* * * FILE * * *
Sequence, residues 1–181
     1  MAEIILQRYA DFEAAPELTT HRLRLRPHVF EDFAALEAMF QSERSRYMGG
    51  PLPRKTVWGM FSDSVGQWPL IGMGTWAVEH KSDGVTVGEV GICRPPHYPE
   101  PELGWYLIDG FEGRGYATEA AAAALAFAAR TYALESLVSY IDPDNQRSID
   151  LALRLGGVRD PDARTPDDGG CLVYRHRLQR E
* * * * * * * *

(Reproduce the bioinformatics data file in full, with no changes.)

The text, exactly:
Sequence, residues 1–181
     1  MAEIILQRYA DFEAAPELTT HRLRLRPHVF EDFAALEAMF QSERSRYMGG
    51  PLPRKTVWGM FSDSVGQWPL IGMGTWAVEH KSDGVTVGEV GICRPPHYPE
   101  PELGWYLIDG FEGRGYATEA AAAALAFAAR TYALESLVSY IDPDNQRSID
   151  LALRLGGVRD PDARTPDDGG CLVYRHRLQR E